INFOGRAPHIC: 3 things everyone hates about meetings

The next time you hold a meeting with your IT staff or other members of management, keep in mind these common meeting complaints – they’re likely the same pet peeves you’ve had during long business meetings.

The uselessness of business meetings is often joked about, but what separates a good meeting from a bad one? For most people, the difference lies in whether or not they’re the ones in charge.

That’s one of the messages in a new survey conducted by ManageElite. Among the 948 executives and managers surveyed, 90.4% say the meetings they’re in charge of are efficiently run — but just 34.8% say the same thing about the meetings run by other people.

And when meetings are bad, they can be really bad. Survey respondents said, on average, that nearly half (44.8%) of the meetings they attend accomplish nothing at all.

Of all the complaints execs and managers have about meetings, these are the biggest:

  • Time — The majority of respondents (61.8%) said the average meeting they attend last more than an hour, and nearly 40% said meetings don’t start or end on time.
  • People — Meetings are often bogged down by people advancing their own individual agendas, as 44.7% of respondents said people protecting their own turf was one of their biggest complaints about meetings. In addition, 38.3% said they attend meetings in which one or two people dominate the discussion, and 30.9% complained about attendees not being prepared for the meeting.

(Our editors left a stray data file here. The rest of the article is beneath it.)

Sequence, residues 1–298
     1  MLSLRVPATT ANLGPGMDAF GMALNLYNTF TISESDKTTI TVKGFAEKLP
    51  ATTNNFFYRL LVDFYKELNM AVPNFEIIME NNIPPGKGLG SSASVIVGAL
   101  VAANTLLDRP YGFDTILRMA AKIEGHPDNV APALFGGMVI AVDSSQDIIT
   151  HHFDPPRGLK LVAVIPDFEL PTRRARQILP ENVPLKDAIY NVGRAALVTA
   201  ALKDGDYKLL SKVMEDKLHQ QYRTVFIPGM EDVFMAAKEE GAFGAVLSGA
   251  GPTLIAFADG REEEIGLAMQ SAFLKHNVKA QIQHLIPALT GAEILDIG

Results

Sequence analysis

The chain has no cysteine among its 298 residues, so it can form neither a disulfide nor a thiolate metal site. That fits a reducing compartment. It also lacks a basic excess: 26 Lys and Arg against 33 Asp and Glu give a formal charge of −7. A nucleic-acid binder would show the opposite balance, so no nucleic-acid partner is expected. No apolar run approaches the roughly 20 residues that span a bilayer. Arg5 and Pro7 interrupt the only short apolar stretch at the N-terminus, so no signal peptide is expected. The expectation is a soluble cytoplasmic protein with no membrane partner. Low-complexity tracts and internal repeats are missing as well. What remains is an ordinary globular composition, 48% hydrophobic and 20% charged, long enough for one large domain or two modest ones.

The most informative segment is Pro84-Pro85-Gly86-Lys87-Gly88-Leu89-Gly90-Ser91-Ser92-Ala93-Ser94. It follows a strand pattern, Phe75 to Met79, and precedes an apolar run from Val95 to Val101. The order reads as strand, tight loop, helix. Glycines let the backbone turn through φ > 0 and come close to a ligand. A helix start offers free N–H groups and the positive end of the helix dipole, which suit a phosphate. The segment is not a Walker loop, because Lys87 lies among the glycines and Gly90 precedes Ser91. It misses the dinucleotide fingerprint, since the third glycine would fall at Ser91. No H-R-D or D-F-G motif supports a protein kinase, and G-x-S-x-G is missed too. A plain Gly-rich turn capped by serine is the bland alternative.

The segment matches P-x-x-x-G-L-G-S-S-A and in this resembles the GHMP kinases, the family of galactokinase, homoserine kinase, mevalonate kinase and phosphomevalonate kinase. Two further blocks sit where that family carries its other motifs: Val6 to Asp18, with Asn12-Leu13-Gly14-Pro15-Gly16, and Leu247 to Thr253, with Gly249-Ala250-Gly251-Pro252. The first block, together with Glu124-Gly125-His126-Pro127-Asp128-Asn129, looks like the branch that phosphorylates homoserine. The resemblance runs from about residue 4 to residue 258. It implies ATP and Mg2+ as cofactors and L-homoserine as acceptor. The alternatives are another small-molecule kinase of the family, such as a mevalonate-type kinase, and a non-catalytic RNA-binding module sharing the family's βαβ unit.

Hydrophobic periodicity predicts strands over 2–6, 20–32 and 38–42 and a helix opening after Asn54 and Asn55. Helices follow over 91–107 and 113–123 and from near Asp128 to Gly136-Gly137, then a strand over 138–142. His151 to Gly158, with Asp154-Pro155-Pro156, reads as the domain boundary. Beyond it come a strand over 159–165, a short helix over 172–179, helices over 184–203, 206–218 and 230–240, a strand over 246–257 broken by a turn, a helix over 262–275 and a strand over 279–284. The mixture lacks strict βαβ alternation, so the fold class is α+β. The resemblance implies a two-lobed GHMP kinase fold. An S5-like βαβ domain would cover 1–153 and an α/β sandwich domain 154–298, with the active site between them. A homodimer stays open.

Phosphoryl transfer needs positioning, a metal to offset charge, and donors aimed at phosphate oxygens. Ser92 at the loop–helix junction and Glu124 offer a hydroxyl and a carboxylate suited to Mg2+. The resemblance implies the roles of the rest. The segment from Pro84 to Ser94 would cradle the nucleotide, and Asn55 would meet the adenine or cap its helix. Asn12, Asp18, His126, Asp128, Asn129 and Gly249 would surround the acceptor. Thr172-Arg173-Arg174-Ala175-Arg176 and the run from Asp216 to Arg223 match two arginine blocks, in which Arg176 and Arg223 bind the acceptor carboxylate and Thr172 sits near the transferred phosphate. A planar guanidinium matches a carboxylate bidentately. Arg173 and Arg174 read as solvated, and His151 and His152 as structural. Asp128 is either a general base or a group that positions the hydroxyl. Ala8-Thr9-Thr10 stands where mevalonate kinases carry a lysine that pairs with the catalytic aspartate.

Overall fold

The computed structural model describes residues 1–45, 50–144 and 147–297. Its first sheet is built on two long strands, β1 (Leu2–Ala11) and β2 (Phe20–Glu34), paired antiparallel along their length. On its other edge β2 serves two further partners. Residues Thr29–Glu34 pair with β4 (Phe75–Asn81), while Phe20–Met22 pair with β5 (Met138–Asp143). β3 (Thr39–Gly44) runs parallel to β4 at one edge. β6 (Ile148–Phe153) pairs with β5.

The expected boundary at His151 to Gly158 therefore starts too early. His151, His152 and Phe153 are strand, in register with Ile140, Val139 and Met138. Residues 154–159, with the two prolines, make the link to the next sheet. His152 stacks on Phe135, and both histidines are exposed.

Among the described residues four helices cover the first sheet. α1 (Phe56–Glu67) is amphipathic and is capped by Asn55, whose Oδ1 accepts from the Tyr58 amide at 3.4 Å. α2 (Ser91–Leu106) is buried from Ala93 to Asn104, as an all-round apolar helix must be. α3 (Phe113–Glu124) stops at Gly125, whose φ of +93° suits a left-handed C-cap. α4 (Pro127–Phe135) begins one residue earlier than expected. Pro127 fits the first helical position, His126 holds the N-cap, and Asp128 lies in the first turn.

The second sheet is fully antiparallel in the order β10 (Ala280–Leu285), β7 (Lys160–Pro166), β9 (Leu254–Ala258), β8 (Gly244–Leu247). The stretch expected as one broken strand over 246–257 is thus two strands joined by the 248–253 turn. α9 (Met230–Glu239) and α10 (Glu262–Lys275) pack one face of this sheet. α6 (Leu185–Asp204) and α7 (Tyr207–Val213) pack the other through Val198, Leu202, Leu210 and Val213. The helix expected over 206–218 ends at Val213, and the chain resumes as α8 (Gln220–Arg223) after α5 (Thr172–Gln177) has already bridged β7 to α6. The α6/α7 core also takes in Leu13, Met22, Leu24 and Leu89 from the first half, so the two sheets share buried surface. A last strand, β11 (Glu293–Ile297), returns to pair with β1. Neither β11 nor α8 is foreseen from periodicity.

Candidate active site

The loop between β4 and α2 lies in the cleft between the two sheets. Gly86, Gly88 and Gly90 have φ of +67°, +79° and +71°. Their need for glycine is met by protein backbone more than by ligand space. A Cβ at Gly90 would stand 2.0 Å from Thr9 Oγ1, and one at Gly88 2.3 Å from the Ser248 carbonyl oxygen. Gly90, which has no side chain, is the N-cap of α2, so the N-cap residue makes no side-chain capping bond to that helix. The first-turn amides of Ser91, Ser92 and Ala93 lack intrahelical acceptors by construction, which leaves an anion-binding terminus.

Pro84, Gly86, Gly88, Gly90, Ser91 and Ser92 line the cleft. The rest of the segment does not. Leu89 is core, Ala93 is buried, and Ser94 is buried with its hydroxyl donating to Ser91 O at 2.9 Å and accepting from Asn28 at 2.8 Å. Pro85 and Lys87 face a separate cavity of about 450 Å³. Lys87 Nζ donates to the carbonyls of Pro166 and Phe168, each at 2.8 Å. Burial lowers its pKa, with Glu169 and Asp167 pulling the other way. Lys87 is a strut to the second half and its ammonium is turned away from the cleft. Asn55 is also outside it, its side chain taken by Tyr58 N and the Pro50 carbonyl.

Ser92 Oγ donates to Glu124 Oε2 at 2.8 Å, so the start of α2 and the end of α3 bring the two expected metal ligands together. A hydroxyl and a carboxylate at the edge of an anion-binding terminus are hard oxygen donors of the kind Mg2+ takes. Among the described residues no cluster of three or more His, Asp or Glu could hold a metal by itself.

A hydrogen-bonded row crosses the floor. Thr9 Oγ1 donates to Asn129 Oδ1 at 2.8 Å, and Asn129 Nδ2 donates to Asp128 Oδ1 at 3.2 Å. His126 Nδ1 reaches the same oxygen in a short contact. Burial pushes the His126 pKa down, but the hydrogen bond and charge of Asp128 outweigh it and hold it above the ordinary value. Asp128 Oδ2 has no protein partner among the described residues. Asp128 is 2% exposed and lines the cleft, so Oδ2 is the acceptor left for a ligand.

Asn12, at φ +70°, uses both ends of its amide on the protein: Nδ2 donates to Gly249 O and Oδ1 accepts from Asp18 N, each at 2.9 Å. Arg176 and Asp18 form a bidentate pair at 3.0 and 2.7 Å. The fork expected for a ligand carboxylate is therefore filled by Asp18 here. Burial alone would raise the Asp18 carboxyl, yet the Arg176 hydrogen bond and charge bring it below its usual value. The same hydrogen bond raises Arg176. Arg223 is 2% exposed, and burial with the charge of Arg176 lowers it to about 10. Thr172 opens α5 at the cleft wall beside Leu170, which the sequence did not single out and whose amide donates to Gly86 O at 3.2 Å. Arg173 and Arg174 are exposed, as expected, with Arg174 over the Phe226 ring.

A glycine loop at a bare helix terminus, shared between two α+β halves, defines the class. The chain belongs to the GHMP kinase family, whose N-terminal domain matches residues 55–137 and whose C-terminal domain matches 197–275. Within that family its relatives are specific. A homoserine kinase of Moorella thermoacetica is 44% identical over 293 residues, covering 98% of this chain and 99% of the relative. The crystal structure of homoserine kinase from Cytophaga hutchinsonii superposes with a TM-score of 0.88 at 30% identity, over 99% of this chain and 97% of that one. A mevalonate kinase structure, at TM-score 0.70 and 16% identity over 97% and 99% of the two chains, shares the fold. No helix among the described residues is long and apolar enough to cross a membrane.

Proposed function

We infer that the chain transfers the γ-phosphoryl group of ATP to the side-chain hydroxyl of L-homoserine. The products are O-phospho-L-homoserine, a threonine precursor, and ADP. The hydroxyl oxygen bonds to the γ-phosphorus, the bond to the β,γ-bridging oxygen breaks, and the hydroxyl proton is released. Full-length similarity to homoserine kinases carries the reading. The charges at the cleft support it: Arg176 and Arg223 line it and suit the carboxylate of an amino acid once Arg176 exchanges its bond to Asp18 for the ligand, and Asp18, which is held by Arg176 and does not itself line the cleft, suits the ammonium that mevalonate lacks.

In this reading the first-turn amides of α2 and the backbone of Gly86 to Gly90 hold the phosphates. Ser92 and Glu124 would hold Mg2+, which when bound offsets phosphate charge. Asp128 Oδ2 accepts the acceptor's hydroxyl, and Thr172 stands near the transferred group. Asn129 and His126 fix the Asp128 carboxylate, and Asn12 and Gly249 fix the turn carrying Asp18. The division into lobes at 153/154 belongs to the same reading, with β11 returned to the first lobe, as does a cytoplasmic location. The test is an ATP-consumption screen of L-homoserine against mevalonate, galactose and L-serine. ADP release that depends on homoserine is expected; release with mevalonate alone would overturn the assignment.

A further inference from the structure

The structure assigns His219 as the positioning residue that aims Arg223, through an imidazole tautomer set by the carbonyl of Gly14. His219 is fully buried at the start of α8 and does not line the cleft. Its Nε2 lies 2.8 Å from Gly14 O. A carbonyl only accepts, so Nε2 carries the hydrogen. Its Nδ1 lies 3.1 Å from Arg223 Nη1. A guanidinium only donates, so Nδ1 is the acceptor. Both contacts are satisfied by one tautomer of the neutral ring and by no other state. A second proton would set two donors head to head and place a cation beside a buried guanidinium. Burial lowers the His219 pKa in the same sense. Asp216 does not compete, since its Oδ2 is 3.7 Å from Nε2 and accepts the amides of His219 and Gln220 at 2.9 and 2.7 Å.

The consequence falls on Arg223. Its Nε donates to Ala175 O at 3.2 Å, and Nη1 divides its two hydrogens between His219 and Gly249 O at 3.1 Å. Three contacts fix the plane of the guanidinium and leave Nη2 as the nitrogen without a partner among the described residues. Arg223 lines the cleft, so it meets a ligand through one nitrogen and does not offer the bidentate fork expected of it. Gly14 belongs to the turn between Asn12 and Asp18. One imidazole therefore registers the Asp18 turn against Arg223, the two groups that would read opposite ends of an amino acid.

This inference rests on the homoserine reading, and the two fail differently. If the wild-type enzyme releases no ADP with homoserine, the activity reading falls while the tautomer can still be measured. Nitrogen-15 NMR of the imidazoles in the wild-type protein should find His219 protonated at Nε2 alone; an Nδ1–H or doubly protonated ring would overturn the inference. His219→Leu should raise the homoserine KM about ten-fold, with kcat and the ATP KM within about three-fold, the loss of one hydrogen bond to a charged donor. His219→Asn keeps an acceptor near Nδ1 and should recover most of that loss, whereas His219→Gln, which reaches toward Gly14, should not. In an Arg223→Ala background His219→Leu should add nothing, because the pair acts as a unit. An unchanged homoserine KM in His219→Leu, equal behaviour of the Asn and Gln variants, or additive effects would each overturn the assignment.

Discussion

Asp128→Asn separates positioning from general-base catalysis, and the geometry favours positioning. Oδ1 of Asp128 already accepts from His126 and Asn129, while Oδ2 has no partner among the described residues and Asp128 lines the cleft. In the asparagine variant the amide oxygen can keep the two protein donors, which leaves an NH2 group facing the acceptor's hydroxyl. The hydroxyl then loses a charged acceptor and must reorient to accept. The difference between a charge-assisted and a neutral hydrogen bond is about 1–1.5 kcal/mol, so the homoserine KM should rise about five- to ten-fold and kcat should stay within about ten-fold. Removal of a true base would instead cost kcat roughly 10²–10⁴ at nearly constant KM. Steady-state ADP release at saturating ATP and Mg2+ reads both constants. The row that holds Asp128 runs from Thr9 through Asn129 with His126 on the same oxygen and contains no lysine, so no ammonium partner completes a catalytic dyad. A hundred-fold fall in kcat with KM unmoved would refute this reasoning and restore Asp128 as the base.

• Frequency — One bit of good news in the survey: The majority of respondents (61.6%) said they attend the right number of meetings. However, that still leaves 22.4% who say they attend too many, and 16.0% who feel they don’t attend enough meetings.

To avoid those complaints, managers should take a few moments to answer important questions before they call their next meeting. Organizational effectiveness expert and author Thomas Kayser recommends using the acronym “PDORA”:

  • Purpose. If you don’t have an answer to the question, “Why are we here?” consider cancelling the meeting.
  • Desired Outcome. After spelling out the purpose, the next step is identifying what you expect to accomplish by the time the meeting’s over.
  • Assigned Roles. Figure out beforehand who will be in charge of what during the meeting — from the facilitators to presenters to the minute-taker.
  • Agenda. Map out how long various topics are likely to be discussed, and note the employees that are presenting at the meeting.

Here are the results of ManageElite’s survey, in infographic form:

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